Idle Eye 137 : The Worst Drink of the Day

I hate tea. Quite why it has been adopted as the nation’s drink of choice is totally beyond me, seeing as pretty much anything else that’s liquid and stays down would be infinitely preferable. Let’s not beat about the bush: In its raw state, it looks (and tastes) as if it has been strained though your grandmother’s underpants. Then you add milk (as if that’s going to help), and when it’s made, perfectly normal people from right across the class spectrum make weird, contented sighs over the duration of its consumption as if to say that life, up until this point, has been a bit much. “Best drink of the day”, they go. Utter balls! Stick around with me & I’ll show you a belter come 6pm.

Three drinks that are better than tea. Fact!

  1. New Zealand Marlborough Pinot Noir
  2. Your own sick
  3. Someone else’s sick

You know, the bit that gets me is when they say “Ooh, I’m dying for a cuppa.” I could understand it if they were after a triple shot of wormwood-laden absinthe with a vermouth chaser, but tea? Really? It’s just so…lame! So, why exactly have we embraced this muck to our collective bosom? Well, as with most things, it’s a long story which I shall attempt to condense for you here. If you want proper facts, there’s always Wikipedia:

  1. Chinese accidentally discover it ages ago
  2. Portuguese nick it from Chinese
  3. Dutch nick it from Portuguese
  4. Brits nick it from Dutch
  5. It’s British. No argument. Like curry

The rest is history. There’s a bit of faffing about with taxes and the East India Company, but for the most part we stuck our flag right there in the middle of the pot and pretended to like the stuff. I blame that Catherine of Braganza, wife of Charles II, who made it fashionable and got hooked on it, dozy mare. A bit like Diana and marital infidelity, and look how that’s taken off. Only problem was, the proles had gotten a taste for it as well, and curiously, it was offered as an alternative to the demon grog at temperance meetings. Now, I’ve never attended a temperance meeting (probably not for me), but I’d imagine that tea really isn’t going to cut the mustard when you’re bug-eyed, frothing at the gills & threatening violence to anyone in the vicinity without an almost full bottle of pinot to hand. But what do I know?

And so to the present. I concede I must kowtow to the social mores of our time if I wish to succeed in my chosen field, but I shall do so on my own terms. A short cup of coffee, brutally strong and infused with one of those flavoured syrups, is more than enough to see off the competition. Preferably in sync with a couple of fags. And to those who see this as a crass invasion of tradition, hear ye:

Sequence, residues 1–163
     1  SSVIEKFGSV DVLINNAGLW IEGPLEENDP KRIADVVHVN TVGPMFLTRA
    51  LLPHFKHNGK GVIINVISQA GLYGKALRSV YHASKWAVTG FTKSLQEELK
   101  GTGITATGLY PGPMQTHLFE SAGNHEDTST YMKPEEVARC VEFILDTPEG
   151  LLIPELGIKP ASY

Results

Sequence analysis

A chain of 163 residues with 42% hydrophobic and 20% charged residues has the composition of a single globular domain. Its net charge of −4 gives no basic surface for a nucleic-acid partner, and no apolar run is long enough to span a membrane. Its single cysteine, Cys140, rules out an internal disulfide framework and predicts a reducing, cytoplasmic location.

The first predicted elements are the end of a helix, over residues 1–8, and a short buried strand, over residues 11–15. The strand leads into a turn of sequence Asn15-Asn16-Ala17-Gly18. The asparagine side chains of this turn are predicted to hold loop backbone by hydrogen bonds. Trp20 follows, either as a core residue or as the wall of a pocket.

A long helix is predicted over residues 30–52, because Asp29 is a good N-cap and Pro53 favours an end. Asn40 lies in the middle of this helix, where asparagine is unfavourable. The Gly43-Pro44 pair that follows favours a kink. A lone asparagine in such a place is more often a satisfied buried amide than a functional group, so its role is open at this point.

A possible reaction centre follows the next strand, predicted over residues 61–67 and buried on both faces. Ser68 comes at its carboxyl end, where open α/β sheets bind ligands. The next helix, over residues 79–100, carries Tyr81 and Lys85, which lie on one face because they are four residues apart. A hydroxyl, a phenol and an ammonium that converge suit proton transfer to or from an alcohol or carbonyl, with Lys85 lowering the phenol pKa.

“We do not have to accept the world as we find it” – Ed Miliband

Idle Eye 84 : The Carb Uncle

One of the downsides of owning a classic car is that people will insist on talking to you about it. Whether you’re underneath it, inside it or getting out, invariably you will be approached by an enthusiastic beardy type with battered NHS glasses, aching for a lengthy chat about horsepower, turning circles & the good old days when they made things proper. It goes with the territory. And for reasons completely beyond me, there is an unspoken presumption that you care as deeply about engines and distributors and carburettors and all the other stuff that gets greasy every time you look at it and ruins your good trousers because you thought you’d just have a quick tinker but it’s never quite that simple is it, as they do.

You can see them approaching a mile off, all dewey-eyed, drooling and preparing for their inevitable opening gambit:

Carb Uncle:  Used to have one of them meself, mate. First car, she was. Went like a rocket. And you could turn her on a sixpence. Lovely motor. Had her long?

Me:  About ten years.

Carb Uncle:  We got ours in…er…when did we get ours, Joyce?

Joyce:  1967. Our honeymoon.

Carb Uncle:  That’s right! ‘67 it was. Took her down the Costa del Sol, never had no trouble. Well, I say no trouble but you know what it’s like. Like to play up sometimes, don’t they? But the beauty of the old ‘uns is you can do the work yourself, right? Flip up the bonnet, sit on the wheel & get stuck in. Not like your modern rubbish. First sign of trouble & it’s all Computer says No! No way José! Tell you what, mate: I’d give ten of any car on the road right now for one of those. ‘Cos they made them proper back then. Right, Joyce?

Joyce:  Yes, dear.

Carb Uncle:  Lovely engines’n’all. Yours a two litre?

Me:  Yes.

Carb Uncle:  Twin carbs?

Me:  Yes.

Carb Uncle:  Strombergs?

Me:  Yes.

Carb Uncle:  Your Stromberg was the king of carbs, make no mistake. Tune ‘em to within an inch of their life, I should coco. Mind you, they couldn’t half give you strife on the long haul. Spent many an hour on the hard shoulder with a spanner or two in the jacksie pocket, ain’t that the truth, Joyce?

Joyce:  Yes, dear.

Back in the day, I learned to actively engage with these people. How I would laugh at the absurdities of modern vehicles. How I pretended to yearn for the golden era of motoring, when one could take to the open road in a car proudly manufactured in Great Britain, safe in the knowledge that it was almost certainly the envy of the developed world. But these days, I’m afraid I really couldn’t give a toss. Because if I give Carb Uncle the kind of time he’s after, I’ll never get the bloody thing sorted. And I’m off to France next week. So please, could you just piss off?